Tavares's herky-jerky style leaves a reader with sympathy for the characters—who wouldn't be mad if life moved in such a way? Taking place during one night in an unnamed city, the story—which follows a doctor, his ex-wife, her lover, their son and a killer pimp, among others—propels itself mainly through flashbacks relayed in short, choppy chapters and subchapters. Mylia, the ex-wife for whom everything was about herself, goes tumbling through the streets looking for a church, but instead finds a series of odd and dangerous predicaments. Most of what we learn about Mylia comes from memories of her stay at the Georg Rosenberg Asylum, disturbing, even for healthy people or a luxury hotel for the mentally ill, depending on whom you ask. Her ex-husband, famed researcher Theodor Busbeck, is revealed via his institution and reactions to Mylia; theirs is a frightening if realistic relationship, though the other characters feel less than realized. In what amounts to a long night's chase, Tavares hints at what could be a grander story, but this does not lead to the Promised Land. (Oct.)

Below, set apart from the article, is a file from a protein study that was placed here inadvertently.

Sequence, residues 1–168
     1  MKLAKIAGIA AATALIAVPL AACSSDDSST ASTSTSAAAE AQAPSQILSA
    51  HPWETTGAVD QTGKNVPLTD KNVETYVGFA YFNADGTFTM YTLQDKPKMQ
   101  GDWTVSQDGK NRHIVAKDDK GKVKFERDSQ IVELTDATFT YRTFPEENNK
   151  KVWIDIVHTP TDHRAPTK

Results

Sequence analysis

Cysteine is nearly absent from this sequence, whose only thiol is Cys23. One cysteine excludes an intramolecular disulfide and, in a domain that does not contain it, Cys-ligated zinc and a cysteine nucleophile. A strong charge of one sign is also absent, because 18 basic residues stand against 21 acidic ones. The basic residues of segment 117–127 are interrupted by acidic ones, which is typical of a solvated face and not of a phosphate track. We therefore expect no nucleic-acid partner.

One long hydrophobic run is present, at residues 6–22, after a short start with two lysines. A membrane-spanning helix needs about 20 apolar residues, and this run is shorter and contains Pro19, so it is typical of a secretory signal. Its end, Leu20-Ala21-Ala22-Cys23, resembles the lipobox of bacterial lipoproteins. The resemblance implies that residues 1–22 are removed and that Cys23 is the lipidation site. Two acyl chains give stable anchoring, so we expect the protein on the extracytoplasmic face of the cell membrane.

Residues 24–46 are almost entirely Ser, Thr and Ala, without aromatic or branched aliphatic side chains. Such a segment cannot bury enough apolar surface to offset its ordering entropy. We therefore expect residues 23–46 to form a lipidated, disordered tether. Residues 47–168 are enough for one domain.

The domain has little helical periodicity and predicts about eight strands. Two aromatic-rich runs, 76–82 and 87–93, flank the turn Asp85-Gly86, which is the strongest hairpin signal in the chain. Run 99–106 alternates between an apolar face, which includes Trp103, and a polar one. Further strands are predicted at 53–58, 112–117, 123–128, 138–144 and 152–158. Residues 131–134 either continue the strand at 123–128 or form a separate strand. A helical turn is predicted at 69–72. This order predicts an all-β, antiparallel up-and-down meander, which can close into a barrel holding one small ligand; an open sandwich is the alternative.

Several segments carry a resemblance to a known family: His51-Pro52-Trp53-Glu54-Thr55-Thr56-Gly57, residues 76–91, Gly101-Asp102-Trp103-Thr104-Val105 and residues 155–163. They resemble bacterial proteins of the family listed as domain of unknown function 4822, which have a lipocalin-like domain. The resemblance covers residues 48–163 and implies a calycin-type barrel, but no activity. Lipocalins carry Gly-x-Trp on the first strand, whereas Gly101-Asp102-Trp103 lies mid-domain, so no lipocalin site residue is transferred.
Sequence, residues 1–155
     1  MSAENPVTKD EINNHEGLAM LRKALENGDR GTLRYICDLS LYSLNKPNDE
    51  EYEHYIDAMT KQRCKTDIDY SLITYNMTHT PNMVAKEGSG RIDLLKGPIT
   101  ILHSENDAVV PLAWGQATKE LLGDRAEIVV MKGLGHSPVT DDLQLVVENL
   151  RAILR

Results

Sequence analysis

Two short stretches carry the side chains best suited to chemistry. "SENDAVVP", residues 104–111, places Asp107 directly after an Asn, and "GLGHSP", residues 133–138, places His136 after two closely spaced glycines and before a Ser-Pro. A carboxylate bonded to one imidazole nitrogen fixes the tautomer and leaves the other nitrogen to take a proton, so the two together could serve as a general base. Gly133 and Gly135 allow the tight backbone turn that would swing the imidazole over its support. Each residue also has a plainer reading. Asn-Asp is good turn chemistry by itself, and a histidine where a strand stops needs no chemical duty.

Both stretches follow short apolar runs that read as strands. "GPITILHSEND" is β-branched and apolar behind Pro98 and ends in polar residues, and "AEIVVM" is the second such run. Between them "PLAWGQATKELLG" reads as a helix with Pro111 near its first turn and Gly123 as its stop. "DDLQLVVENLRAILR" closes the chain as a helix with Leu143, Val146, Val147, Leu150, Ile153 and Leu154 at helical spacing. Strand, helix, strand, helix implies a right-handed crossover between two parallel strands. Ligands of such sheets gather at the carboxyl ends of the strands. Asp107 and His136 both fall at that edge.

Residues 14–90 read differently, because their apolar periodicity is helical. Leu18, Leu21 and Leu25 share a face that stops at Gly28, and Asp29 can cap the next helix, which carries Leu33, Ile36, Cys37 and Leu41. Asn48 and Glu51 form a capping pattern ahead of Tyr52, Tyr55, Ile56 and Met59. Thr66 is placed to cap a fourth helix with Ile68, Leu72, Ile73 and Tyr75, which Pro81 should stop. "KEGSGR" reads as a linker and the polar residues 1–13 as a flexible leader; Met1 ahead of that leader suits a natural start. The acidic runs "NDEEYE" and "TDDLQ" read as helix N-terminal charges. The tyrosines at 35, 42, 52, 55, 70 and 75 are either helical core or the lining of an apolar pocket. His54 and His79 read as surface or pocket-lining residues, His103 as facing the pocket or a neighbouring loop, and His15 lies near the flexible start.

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"Jerusalem is a great book, and truly deserves a place among the great works of Western literature. Gonçalo M. Tavares has no right to be writing so well at the age of 35. One feels like punching him!" --José Saramago
"His writing is surreal, fun, poetic, profound, dramatic, a discourse of shock, a small bomb that pushes past the usual boundaries, the standard patterns." --Giulia Lancini
"One day, when the literary history of . . . Portugal comes to be written, the work of Gonçalo M. Tavares will assume an eminent position." --José Mário Silva, Diário de Notícias